6. Figure out what you can realistically afford to put towards your debt every month and automate that. Where can you find extra money to put towards debt? I started putting a third of my income from all freelance work and any tax return money towards debt.

  7. Need to buy something? Look at the second-hand market first. Avoid malls and fast fashion. Invest in quality when you need to buy something new and save up for it first instead of putting it on credit. Use your local library!

  8. At the same time, automate savings. It can be as little as $25 a week but do as much as you can. Having a visible cushion in your bank account will make you feel less fearful about being in debt. I had saved up enough money after a year that I was able to put an extra $1,500 towards paying off my debt AND still go on vacation.

  9. Cushion your checking account. I built up an extra $2,000 that just sits there in case I need it. NSF fees, late bill payments—all that stuff costs you extra money. And don’t fall into the trap of using overdraft, because you WILL use it!

  10. Pay everything on time even if that means you can’t go out this Friday night. This is also good for your credit rating.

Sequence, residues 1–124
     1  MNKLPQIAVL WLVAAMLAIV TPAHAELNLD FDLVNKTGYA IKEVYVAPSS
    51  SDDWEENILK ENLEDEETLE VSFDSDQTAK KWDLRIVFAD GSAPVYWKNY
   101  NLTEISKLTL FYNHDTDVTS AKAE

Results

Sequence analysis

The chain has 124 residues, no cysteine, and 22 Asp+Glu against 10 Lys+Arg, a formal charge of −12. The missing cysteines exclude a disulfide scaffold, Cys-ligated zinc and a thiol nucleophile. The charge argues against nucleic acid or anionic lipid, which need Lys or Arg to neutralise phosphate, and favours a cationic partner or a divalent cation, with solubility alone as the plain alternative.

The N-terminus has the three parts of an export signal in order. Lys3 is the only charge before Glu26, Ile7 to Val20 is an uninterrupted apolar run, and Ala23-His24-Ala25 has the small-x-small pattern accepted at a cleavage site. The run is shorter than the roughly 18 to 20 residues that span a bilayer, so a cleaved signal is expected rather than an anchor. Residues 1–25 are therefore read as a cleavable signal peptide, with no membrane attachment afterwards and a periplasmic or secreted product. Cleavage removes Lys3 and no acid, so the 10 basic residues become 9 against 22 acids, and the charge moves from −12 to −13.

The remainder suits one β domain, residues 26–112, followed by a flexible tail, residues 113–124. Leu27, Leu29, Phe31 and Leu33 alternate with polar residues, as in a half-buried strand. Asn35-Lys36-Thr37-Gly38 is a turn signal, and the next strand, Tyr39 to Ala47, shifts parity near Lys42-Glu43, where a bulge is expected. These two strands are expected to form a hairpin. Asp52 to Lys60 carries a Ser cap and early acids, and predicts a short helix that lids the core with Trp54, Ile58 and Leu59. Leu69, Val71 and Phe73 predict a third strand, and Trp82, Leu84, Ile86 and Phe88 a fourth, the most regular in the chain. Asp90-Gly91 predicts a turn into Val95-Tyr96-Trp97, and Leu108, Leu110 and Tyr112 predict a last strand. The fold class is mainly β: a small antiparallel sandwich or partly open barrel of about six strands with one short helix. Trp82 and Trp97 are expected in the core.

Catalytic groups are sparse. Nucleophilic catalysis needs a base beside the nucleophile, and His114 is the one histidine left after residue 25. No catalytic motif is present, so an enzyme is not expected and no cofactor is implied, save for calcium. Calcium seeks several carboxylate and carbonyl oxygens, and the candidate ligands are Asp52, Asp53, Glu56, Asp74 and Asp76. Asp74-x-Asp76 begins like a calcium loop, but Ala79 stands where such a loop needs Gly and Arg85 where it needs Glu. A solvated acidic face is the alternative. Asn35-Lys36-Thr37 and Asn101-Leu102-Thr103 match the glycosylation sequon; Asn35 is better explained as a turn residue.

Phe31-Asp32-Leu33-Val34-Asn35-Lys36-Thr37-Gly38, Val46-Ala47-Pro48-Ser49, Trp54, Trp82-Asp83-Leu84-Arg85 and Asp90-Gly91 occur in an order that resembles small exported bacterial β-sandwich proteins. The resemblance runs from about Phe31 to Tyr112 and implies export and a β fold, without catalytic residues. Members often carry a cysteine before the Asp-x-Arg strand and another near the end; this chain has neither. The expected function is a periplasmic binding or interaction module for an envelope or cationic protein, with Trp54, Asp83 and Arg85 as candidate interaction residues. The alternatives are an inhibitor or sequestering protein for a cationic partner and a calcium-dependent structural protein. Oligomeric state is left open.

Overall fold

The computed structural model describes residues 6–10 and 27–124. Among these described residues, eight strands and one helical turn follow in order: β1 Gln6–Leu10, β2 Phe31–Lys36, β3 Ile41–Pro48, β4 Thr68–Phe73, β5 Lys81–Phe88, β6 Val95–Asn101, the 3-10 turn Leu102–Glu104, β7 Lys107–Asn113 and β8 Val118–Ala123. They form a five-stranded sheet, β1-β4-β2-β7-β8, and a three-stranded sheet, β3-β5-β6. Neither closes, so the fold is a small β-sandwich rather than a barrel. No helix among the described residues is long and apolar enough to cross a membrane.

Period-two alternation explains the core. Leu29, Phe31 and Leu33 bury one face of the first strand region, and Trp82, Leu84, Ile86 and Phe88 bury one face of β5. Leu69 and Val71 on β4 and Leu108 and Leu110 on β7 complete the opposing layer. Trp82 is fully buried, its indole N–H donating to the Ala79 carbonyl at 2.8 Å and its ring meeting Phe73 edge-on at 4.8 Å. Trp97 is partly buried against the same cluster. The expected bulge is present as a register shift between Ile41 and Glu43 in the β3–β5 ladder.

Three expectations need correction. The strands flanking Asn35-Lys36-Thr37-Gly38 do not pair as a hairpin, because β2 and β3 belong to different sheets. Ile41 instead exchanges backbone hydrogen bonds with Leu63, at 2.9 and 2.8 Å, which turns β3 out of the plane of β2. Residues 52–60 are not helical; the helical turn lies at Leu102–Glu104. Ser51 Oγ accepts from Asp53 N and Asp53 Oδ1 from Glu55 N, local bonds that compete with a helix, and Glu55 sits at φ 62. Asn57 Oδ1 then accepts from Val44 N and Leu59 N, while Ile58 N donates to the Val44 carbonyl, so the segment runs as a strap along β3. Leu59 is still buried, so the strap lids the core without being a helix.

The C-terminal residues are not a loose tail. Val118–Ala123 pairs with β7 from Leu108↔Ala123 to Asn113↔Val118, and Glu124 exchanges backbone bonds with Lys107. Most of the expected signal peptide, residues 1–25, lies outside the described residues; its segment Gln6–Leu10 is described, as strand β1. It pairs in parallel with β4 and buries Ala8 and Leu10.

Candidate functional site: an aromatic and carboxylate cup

11. Find ways to make extra money. I freelanced and housesat on the side. I found a remote job that paid more. Sell the kombucha you brew at home to your neighbours. There are ways to earn more that don’t require you to sell your soul.

  12. Read everything you can about personal finance and personal development. Some of it will be crap, but lots of it will be good.

Paying off that final debt payment is an incredibly freeing feeling. The black cloud lifts. It’s one less thing to worry about. And it will free you up financially to go after that life you dream about.

Working remotely has been a life-changing experience. It helped me find more time, earn more money, and focus on getting better at what I do while also giving me the flexibility to supplement my income with freelance work. Finding something I love to do made me want to do other things better in my life. While you don’t need to work remotely to pay off debt, it can certainly help.